Solution: Learn more about Location Aware services (e.g. http://en.wikipedia.org/wiki/Location_awareness). Learn more About Google Latitude (http://www.google.com/intl/en_us/latitude/intro.html). Enable you location (if possible) only to you and your family members. Add this blog to your Google Reader and I’ll post more information in the future.
2) …and the biggest security issue is: Anyone with access to your PC can see you Web passwords!FireFox is currently the best Web Browser. This issue however applies to all FireFox users. Go into Menu->Settings->Saved Passwords->Show Passwords. All your passwords are visible in plain text! With this information a person can hijack your business data, social accounts, email and domains.
Solution: Disallow access to your PCs and/or use a Master password in Firefox (Options—>Security—>Master Password). You should also use different passwords dependant on security level. Save only passwords with low or medium security level when prompted by Firefox. Keep passwords with high security in your head and/or a safe location. Remember: Web browsers are not very safe.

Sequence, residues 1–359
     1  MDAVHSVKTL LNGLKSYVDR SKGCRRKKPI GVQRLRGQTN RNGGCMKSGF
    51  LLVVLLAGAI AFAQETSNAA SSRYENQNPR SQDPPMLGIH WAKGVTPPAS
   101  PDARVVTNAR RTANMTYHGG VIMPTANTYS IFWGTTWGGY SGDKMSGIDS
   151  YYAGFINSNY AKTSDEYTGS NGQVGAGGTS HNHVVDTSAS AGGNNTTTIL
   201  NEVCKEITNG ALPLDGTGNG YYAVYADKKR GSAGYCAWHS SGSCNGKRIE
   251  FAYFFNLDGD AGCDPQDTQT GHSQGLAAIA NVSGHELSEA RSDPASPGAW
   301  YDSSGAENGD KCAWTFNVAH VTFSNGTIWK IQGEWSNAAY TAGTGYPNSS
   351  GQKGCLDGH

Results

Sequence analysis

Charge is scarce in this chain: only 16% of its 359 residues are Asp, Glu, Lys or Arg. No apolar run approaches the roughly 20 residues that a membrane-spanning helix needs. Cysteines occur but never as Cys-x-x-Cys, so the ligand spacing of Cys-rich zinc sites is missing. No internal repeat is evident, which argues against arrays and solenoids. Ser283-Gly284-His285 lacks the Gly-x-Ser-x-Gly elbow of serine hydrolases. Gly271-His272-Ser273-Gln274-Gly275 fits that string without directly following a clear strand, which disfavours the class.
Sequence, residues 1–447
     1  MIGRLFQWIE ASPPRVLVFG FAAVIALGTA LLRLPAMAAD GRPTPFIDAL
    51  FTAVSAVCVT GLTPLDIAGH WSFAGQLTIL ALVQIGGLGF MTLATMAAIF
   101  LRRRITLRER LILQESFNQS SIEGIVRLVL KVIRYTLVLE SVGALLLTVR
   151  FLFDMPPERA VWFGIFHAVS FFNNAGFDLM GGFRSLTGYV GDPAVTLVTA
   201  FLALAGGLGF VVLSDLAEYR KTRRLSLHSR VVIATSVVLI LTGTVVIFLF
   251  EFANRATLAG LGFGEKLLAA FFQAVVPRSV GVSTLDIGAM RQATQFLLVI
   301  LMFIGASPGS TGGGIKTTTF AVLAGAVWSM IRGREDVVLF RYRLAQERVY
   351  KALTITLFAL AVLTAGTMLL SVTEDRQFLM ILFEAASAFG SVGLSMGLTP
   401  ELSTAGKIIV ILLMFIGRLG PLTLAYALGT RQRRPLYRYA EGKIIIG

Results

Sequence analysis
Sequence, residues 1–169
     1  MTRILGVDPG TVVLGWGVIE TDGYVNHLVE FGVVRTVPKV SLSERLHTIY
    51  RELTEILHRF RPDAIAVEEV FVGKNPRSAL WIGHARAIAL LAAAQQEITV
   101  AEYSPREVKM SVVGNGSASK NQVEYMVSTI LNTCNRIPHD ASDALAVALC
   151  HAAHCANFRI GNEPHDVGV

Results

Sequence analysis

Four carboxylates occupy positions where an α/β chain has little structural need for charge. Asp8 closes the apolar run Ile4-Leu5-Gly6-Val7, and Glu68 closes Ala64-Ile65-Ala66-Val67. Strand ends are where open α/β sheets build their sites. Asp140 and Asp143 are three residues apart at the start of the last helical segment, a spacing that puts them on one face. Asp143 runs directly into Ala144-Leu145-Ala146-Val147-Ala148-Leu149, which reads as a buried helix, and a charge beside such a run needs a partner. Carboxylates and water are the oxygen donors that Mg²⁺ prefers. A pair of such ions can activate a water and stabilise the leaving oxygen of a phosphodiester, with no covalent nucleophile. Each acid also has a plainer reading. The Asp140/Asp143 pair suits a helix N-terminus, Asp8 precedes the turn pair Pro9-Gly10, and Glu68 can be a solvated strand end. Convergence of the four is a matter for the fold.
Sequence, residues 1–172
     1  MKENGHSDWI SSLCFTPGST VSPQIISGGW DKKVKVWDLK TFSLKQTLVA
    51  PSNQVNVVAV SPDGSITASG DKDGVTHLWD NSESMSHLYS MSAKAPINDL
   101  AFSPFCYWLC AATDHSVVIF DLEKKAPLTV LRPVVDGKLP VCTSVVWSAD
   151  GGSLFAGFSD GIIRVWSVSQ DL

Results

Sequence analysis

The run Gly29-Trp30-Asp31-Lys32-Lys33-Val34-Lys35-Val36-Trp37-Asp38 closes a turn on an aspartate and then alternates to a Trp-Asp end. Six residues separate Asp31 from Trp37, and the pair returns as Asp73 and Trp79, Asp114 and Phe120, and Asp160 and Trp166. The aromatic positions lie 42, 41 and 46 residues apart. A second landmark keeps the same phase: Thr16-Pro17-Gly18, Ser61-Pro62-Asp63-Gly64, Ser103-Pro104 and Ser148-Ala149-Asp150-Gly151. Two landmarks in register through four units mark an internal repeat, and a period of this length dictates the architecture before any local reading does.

1) …and the biggest privacy issue is: Your Boss sees what your are really up to!Most privacy intrusions will happen with somebody who is interested in you, someone close, like your Manager :) This example applies to all Google Apps users (and probably other similar systems). I, as an Admin in Google Apps, can see all calendars in the domain and there is no way for me to disable this feature. This is not a bug according to Google and they have currently no intention of changing this. If you work at a small company and you are using Google Apps you will have to rely on your bosses integrity that he/she will not peek into your private data.
Solution: Use a private Google Account for private email, Calendar etc.